Listen back to features and interviews from 95bFM's daily news & current affairs show, The Wire. Your hosts Jemima Huston, Mary-Margaret Slack, Lillian Hanly, Lachlan Balfour and Laura Kvigstad focus on the issues of Tāmaki Makaurau and elsewhere, in independent-thinking bFM style. Weekdays 12-1pm on 95bFM.
This week on Monday Wire, for the weekly chat with the Green party, co-leader Marama Davidson explains the foregin donations policy and euthanasia bill. Then, Sherry speaks with dietitian Lucy Carey, author of a report publised in the New Zealand Medical Journal criticising the use of BMI tests for pre-schoolers.
Deb speaks to Amnesty’s Head of Global Human Rights Defenders Programme, Guadalupe Marengo, about Women Human Rights Defenders. She also speaks to Associate Minister of Transport Julie Ann Genter about safer speed limits being introduced around schools.
And, lastly, Louis reports on the bus strikes currently happening, and has a chat with First Union.
The National Party’s, Chris Penk, joins host, Laura Kvigstad to keep us up to date on all the national news. This week they discuss the National Party's concerns around governments' infrastructure spendings. Then, they chat about the foreign donations bill and the draft bill for the cannabis referendum.
Next, Producer Rachel Simpson speaks with Minister of Health David Clark on the Cancer Control Agency.
After that, the Commerce Commission released its report into fuel prices. Producer Murray Dennett speaks with Commerce Commission Chair, Anna Rawlings on the report's conclusion.
Then, Rachel speaks with Terry Bellamak, Abortion Law Reform Association New Zealand National president NHS Report on Women’s Health and it’s recommendations.
And Finally, in another segment of neutral corner, Benjamin J Goldson looks at the media treatment of the recent NATO summit and some hot mic comments about Trump.
Britain’s National Health Service, also known as the NHS, has released a report on the state of women’s health in the UK.
The report recommends measures the NZ Ministry of Health should consider when implementing the pending abortion law reform legislation.
Rachel Simpson spoke to ALRANZ Abortion Rights Aotearoa president Terry Bellamak about how to meaningfully incorporate women's rights into the healthcare system. They discuss issues with accessiblity, privatised healthcare, and what the NHS report suggests for women's health in the future.
Justin talks to security analyst Paul Buchannan about the reasons why France intervened in West Africa, and why Paris is less likely to face a similar situation in the Sahel as the US faced in Afghanistan and Iraq.
On Dear Science with AUT’s Allan Blackman we are talking meteor’s and testing kids in reading, math and science.
And we are finally returning to our conversations about phosphate from the Western Sahara, today we are hearing solutions from two separate people here in Aotearoa about how people can move away from using so much phosphate. We hear from Kay Baxter from the Koanga Institute, and Clare Bradley from Agrisea.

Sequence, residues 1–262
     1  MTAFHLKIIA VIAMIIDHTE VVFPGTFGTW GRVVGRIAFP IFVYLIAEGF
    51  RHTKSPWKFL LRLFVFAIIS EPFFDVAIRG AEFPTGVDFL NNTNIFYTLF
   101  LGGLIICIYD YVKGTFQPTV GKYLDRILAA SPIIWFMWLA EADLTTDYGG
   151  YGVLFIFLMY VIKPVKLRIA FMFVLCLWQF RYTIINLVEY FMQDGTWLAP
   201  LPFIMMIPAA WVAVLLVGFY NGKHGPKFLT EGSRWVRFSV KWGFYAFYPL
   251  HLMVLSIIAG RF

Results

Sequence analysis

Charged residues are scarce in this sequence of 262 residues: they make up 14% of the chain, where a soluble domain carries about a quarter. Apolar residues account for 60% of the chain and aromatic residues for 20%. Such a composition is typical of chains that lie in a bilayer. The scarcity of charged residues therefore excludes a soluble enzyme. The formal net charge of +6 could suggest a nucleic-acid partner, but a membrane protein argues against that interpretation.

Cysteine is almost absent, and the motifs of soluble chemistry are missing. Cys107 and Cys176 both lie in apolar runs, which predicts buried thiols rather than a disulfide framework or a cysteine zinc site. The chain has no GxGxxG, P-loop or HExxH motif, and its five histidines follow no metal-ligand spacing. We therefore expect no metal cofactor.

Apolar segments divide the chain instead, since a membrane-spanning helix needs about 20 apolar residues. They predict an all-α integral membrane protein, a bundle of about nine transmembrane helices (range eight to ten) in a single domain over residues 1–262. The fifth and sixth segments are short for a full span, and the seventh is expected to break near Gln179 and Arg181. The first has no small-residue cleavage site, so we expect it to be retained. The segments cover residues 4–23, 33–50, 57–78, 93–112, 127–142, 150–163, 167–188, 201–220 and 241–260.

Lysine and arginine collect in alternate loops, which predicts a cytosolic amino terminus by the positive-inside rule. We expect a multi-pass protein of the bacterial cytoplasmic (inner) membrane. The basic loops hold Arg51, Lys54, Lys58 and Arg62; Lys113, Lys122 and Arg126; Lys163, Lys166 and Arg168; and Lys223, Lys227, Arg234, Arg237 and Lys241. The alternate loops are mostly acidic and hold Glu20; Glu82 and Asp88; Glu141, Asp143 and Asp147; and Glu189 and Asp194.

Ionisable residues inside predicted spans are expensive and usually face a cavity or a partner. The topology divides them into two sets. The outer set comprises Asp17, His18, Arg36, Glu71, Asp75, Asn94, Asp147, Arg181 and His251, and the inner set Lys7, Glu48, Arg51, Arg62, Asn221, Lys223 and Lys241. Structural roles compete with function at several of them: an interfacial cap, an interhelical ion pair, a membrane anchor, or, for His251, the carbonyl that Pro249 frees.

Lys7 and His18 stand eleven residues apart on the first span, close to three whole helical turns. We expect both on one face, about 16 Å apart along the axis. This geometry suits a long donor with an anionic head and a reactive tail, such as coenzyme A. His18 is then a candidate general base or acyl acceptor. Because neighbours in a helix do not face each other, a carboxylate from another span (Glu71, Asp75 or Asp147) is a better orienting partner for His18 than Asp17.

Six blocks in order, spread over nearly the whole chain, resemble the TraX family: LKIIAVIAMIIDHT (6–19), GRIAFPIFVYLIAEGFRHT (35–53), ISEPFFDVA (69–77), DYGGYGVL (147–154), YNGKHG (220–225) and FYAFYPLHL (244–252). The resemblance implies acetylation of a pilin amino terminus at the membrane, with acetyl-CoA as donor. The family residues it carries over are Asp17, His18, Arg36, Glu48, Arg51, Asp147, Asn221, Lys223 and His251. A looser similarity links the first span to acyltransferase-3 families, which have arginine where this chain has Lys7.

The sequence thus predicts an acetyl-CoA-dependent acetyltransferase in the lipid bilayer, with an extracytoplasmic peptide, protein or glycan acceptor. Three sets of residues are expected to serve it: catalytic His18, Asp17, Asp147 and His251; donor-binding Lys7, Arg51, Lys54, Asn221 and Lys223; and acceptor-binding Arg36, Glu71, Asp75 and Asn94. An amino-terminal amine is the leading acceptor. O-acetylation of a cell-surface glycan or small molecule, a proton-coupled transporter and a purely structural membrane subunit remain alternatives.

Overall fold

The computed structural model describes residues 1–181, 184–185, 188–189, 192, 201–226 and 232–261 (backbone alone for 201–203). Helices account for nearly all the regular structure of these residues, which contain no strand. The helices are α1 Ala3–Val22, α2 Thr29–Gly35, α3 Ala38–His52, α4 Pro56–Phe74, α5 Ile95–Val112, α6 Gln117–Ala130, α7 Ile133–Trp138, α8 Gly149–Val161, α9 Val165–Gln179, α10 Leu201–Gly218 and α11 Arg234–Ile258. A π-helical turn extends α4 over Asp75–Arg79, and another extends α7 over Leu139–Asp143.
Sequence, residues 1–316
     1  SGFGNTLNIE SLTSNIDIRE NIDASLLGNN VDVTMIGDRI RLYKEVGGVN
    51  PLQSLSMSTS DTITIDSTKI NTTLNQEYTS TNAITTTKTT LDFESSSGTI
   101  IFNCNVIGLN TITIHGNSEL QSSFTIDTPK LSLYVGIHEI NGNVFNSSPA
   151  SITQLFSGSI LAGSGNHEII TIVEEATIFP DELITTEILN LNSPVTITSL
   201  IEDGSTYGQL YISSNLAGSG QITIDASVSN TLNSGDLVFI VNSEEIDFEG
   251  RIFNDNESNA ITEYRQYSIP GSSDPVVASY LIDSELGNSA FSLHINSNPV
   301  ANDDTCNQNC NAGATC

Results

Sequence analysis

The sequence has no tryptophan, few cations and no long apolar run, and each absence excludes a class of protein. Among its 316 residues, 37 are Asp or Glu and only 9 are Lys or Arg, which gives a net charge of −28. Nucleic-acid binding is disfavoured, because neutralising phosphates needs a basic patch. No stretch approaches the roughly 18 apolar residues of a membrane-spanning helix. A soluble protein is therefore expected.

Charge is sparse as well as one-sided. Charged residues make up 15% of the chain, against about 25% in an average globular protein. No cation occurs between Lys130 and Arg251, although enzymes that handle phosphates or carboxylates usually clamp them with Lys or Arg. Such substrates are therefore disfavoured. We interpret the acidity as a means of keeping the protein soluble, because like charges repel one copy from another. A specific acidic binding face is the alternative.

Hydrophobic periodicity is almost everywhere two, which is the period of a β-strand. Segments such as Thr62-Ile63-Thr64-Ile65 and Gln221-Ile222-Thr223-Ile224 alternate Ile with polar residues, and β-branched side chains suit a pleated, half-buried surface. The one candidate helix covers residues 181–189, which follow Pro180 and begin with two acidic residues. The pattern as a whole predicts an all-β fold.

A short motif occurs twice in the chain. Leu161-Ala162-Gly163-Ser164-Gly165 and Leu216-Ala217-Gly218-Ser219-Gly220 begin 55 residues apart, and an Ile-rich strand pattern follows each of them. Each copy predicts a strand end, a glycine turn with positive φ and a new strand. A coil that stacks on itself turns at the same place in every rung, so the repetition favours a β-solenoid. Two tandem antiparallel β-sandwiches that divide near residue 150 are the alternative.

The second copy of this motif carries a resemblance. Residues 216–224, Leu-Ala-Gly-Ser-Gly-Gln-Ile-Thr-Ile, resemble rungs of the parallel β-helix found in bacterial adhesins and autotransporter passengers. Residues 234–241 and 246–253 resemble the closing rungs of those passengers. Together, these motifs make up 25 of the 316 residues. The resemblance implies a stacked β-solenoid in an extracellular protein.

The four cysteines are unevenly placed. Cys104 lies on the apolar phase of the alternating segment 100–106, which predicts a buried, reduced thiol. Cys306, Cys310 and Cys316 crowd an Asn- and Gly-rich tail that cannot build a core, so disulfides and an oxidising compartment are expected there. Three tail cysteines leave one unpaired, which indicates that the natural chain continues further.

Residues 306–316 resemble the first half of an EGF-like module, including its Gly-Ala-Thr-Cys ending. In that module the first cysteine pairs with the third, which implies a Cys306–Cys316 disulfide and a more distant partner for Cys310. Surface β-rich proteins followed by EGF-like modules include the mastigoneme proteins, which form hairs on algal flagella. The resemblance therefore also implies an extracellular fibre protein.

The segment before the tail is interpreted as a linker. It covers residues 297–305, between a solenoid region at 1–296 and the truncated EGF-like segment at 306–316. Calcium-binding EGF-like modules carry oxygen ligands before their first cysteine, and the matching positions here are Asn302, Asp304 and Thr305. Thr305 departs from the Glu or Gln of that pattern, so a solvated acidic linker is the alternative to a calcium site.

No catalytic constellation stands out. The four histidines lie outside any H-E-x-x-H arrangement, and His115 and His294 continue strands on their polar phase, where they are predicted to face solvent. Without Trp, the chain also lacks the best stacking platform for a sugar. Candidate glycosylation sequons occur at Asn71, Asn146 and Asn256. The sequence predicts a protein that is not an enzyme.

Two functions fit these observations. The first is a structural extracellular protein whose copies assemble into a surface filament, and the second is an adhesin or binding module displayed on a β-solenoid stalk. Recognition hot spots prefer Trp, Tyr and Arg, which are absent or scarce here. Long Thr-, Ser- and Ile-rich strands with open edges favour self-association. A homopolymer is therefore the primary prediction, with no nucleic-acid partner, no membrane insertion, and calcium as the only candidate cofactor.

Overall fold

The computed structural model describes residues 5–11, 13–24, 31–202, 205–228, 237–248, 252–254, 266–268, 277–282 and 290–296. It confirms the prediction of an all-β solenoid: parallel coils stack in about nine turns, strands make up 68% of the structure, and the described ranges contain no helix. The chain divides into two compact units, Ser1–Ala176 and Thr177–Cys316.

The National Party's Denise Lee joins host, Laura Kvigstad. This week they chat about the concerns of the politicisation of the police and the recent debate that has sparked around the rising minimum wage.
We are back with our weekly chat with Green party co-leader James Shaw. The Minister attended the climate change conference in Madrid (COP25) in December 2019 and we caught up on criticisms surrounding lack of substantial action and indigenious inclusivity. We also talked about proposed changes to the carbon emissions trading schemes, and the roll out of climate change education in schools.
On January 3, the United States used a drone to kill Iranian General Qasem Soleimani. The Iranian’s retaliated with missile strikes against US military assets in Iraq. Under what legal authority did the US kill Soleimani? Are targeted assassinations legal under international law? Doug Becker discusses the laws of war and the current tensions between the US and Iran with Mark Drumbl, Hannah Garry, and Hamoud Salhi.
For the last wire of the year, National MP, Denise Lee joins us to recap her year in National. She tells us about the highs and lows of the year and lets us know what she's looking forward to as we head into the election year, 2020.
Today on Dear Science Allan talks about a new discovery of the lowest point on land, storing data with DNA on everyday objects and Ransomeware damaging not only the functionality of Ukrainian servers but effecting the ability to produce medicine by a Pharmaceutical company.
How have social movements changed in the twenty-first century and how have new communication technologies facilitated that change? What makes some social movements sustainable and successful while others are more short-term? What is the future for social movements? Maria Armoudian discusses these pressing questions with James M. Jasper, Todd Wolfson, and Anita Lacey.
The National Party’s, Agnes Loheni, joins Laura Kvigstad to discuss the terrorism suppression bill coming into law, governments' infrastructure spending potentially reviving former National Party road projects and National's Health Discussion Document, and why the National Party wants to ax DHB local elections.
It's Andrew Little's final Wire interview for 2019 - and his final chat ever with host Stewart Sowman-Lund.
Today, how should we be thinking about criminal justice reform? Plus, is 12-billion dollars in infrastructure spending too little too late? And what does the Minister think about a possible NZME-Stuff merger?